The world ends – and rises anew

Finally something which no one can prevent, neither gods nor men, will come to pass. The world will end in an event named ragnarok, the fate of the gods and the day of their death. The gods are neither all-wise nor infallible, nor quite immortal. and they have often needed to resort to desperate measures in their struggle against the frost-giants and the rock-giants. They have had to go back on their word, as in the agreement with the giant builder. The failure of gods and men on the moral plane releases evil forces which prove too much for them.

This does not happen all at once or quickly, but has a fixed pro¬cess, just as the world itself flinches from the acts of men and gods and grows cold before their eyes.

The first signs of the world ending are that three winters will descend upon the earth during which great battles will rage throughout the world and provoke such enmity among men that no one will show mercy to his fellow. Brothers will fight one other, father will not spare son, nor son father. Falsehood and incest will fester, as though mankind has been driven mad by evil impulses. This winter is called the terrible winter. Snow will fall from all points of the compass, piercing frost and biting winds will prevail, and the sun will shine in vain. This winter lasts as long as three winters, with no summer in between. It is as though the whole world freezes because of human evil.

The sun drives her horses hard as if in panic, and the wolf Skoll which pursues her now exerts all his strength and leaps upon the sun and swallows her. The wolf Hati, who was running ahead, catches the moon, and the bright stars vanish from the heavens. Darkness descends on the whole world, as in the ancient days before the creation.

At these events in the expanse of heaven the whole earth and the mountains tremble, trees are uprooted from the earth, mountains split open and collapse, and all bonds and fetters burst. The wolf Fenrir gets free from Gleipnir. The Midgard Serpent writhes in the ocean, and from his thrashing the sea surges up on to the land. In its boat-shed the ship Naglfar (Nail-ship) also breaks loose; it is made from the nails of dead men. That is why one should make sure that people do not die with uncut nails, for such people increase the material for the building of this ship, and neither gods nor men want it to be able to sail forth under the command of the giant Hrym.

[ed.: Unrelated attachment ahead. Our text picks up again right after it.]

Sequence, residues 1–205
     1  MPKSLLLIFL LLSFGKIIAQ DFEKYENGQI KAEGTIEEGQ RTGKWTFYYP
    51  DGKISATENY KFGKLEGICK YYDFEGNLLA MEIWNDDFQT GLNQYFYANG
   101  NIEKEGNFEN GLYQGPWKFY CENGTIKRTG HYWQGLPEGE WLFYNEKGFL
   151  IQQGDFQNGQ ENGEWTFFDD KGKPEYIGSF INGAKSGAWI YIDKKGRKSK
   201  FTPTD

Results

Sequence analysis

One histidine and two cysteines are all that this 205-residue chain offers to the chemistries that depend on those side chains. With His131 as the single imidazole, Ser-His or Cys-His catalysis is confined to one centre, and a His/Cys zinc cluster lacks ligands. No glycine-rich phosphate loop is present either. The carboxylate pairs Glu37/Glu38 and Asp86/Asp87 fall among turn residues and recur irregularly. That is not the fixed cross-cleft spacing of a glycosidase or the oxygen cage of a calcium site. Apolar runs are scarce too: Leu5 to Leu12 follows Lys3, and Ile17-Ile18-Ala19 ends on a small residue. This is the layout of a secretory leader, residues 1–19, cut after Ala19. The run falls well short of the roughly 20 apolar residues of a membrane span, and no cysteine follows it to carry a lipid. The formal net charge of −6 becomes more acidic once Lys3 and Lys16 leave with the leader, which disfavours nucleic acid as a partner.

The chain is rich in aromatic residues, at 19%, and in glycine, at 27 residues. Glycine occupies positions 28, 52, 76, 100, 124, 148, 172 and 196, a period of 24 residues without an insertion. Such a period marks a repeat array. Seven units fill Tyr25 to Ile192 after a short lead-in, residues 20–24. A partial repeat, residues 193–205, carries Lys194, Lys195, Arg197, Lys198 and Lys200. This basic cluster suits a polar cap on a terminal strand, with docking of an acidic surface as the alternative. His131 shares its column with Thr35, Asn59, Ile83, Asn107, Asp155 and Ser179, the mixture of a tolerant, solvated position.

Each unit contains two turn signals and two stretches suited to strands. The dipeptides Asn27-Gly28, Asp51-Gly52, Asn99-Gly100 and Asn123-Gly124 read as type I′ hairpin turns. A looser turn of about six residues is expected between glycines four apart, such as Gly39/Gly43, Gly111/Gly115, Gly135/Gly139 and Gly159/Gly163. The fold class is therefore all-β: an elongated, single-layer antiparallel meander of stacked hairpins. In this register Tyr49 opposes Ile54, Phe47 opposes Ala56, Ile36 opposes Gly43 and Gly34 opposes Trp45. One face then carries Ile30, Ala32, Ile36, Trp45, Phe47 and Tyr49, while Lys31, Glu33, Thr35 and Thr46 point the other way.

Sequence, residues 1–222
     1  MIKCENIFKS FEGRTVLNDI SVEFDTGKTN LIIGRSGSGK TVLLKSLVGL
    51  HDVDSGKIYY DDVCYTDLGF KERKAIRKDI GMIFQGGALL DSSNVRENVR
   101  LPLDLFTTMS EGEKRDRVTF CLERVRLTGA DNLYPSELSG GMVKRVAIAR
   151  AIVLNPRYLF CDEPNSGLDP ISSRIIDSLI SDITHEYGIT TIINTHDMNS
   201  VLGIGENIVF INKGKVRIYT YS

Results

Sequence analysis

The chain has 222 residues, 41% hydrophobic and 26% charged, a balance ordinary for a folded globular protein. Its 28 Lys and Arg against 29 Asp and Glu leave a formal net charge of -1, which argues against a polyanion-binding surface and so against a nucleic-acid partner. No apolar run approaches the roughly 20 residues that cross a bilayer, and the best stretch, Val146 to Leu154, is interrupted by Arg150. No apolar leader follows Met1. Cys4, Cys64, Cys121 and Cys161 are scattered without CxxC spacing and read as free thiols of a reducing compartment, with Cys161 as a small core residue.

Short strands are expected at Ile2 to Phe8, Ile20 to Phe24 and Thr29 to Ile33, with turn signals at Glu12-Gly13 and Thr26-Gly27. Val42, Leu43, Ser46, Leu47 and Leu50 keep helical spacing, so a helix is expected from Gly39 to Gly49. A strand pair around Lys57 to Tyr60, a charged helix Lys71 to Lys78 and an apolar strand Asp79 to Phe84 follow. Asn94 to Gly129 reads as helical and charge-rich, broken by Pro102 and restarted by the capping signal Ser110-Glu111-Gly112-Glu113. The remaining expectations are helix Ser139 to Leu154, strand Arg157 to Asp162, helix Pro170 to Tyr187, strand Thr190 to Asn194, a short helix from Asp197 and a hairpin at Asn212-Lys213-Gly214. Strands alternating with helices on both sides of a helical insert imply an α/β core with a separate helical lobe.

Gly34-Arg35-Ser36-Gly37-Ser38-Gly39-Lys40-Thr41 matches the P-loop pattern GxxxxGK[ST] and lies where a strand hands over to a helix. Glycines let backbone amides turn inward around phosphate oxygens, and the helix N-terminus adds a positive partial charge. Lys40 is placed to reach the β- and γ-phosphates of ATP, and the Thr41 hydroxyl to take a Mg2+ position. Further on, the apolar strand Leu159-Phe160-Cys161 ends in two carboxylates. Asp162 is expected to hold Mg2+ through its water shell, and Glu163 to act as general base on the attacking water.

The wolf Fenrir rages forward with his jaw gaping so widely that it touches earth and heaven, and fire blazes from his eyes and nostrils. The Midgard Serpent is at his side and blasts out such poison that it spreads all over the sky and the sea, and he is terrible to look at. In this enormous uproar the heaven itself splits open and out from it pour the flaming sons of the world of Muspell, which was burning in the south before the earth was created. At their head goes their leader, the giant Stir¬(Black), holding aloft his blazing sword which shines brighter than the sun. When they ride across the bridge Bifrost it shatters, and so the way from earth to the world of the gods is closed.

The gods are now under heavy attack, and the hosts of their enemies crowd forward to the plain called Vigrid (Battle-surge), which extends for a hundred leagues in all directions. The wolf Fenrir and the Midgard Serpent come there, so too Loki and all the cohorts of Hel with him, and Hrym from Naglfar together with all the frost-giants, while the sons of Muspell form their own company, from which blazing flames arise.

When Heimdall hears Bifrost shatter and sees the hosts advanc¬ing he blows loudly on Giallarhorn and wakes up all the gods. They hold a council and make their plans. Odin rides Sleipnir to the well of Mimir to take advice from Mimir for himself and his people. The whole ash tree Yggdrasil shudders from its out¬ermost branches to its roots, and fear strikes everything and everyone both in heaven and on earth.